I am not being completely pretentious, using that artistic term in the title, as the island was ruled by Italy for about half of the 20th century, up until the end of WW11.
I learnt this fact one day when walking around the town on a blistering day and came across a little old widow in a worn-out shawl, “like a wizened black olive” I thought, she was gabbling away in Italian; “very curious,” then later a local told me that quite a few of the older inhabitants only ever learnt Italian because of the occupation.
I have been to Astypalaia a few times and having wandered all over the town for countless hours felt a little jaded, picture wise.
One night, escaping the kids and couples, I found myself at the cemetery with the sun going down, there was a ferocious wind and a melancholic atmosphere, that only increased as the night came.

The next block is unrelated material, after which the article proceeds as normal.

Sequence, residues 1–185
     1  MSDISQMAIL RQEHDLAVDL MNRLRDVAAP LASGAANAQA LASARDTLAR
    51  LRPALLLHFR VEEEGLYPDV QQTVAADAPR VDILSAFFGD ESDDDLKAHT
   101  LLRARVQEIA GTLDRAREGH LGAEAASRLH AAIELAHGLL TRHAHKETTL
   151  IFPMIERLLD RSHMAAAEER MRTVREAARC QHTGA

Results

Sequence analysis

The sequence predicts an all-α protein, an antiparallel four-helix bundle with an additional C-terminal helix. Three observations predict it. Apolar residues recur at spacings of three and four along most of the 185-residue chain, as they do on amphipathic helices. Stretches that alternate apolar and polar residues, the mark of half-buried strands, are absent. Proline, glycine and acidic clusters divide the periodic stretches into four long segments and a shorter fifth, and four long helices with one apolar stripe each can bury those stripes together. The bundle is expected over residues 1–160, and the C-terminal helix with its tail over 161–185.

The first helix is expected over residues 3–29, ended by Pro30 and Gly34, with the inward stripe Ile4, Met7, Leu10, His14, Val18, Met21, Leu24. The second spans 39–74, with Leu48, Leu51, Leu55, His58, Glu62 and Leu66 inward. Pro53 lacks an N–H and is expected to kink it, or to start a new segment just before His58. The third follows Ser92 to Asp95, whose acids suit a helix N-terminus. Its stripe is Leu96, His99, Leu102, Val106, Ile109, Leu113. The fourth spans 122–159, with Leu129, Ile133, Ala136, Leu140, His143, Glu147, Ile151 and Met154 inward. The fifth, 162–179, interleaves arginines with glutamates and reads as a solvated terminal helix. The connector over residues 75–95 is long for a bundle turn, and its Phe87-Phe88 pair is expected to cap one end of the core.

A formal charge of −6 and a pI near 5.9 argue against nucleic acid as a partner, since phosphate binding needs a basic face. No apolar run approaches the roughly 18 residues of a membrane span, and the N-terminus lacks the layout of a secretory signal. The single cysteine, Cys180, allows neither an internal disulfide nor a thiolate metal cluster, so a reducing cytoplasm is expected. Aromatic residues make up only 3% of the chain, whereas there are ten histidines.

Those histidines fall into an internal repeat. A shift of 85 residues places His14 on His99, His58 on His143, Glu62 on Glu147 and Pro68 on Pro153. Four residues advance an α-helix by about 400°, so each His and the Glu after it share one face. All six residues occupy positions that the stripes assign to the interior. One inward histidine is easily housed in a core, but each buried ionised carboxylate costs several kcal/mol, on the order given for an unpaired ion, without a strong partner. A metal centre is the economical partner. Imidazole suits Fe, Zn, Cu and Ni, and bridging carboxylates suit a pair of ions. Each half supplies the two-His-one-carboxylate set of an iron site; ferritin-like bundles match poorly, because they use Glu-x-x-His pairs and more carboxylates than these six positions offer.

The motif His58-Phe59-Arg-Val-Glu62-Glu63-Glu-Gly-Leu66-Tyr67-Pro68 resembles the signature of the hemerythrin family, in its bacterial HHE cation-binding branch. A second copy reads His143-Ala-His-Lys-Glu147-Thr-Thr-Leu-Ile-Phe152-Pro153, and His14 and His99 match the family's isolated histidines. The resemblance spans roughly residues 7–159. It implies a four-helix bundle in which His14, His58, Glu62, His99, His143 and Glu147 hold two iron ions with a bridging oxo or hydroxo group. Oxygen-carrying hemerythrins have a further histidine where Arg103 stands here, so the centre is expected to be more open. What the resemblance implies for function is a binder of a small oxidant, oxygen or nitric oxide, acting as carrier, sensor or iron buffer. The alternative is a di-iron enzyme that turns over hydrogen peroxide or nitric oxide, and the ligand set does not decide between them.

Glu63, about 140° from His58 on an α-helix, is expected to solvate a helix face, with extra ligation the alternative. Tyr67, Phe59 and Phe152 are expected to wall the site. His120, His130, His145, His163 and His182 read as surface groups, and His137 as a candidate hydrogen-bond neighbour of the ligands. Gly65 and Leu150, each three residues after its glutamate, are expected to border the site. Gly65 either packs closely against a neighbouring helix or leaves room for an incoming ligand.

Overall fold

That part of the town tends to be quieter than the centre and is a labyrinth of nocks and crannies.
I realised I had found a new muse, and returned several times to try and capture whatever it was that had that inspired me the first time.
I made a point of getting out early enough to get the light just before dusk; in the two shots of the open window with curtain I was able to make it look fairly light, and as a consequence capture the movement caused by strong winds.
Most of the other images are shot during the night and I found myself drawn to the often lurid quality of mixed light sources, consciously stopping the camera from correcting these, often you would get a light, more or less natural, combined with tungsten or florescent (one of my favourites is the one where the fence shadow is cast as green).
It is a fascinating thing how easy it is to escape the hotspots in some places by making a turn down an alley, or dim lit street and find yourself in another world. In Astypalaia this netherworld is the kingdom of a different beast; stand still long enough and the shadows metamorphous into countless feral, curious and slightly intimidating cats, like ink smudges that flow about you.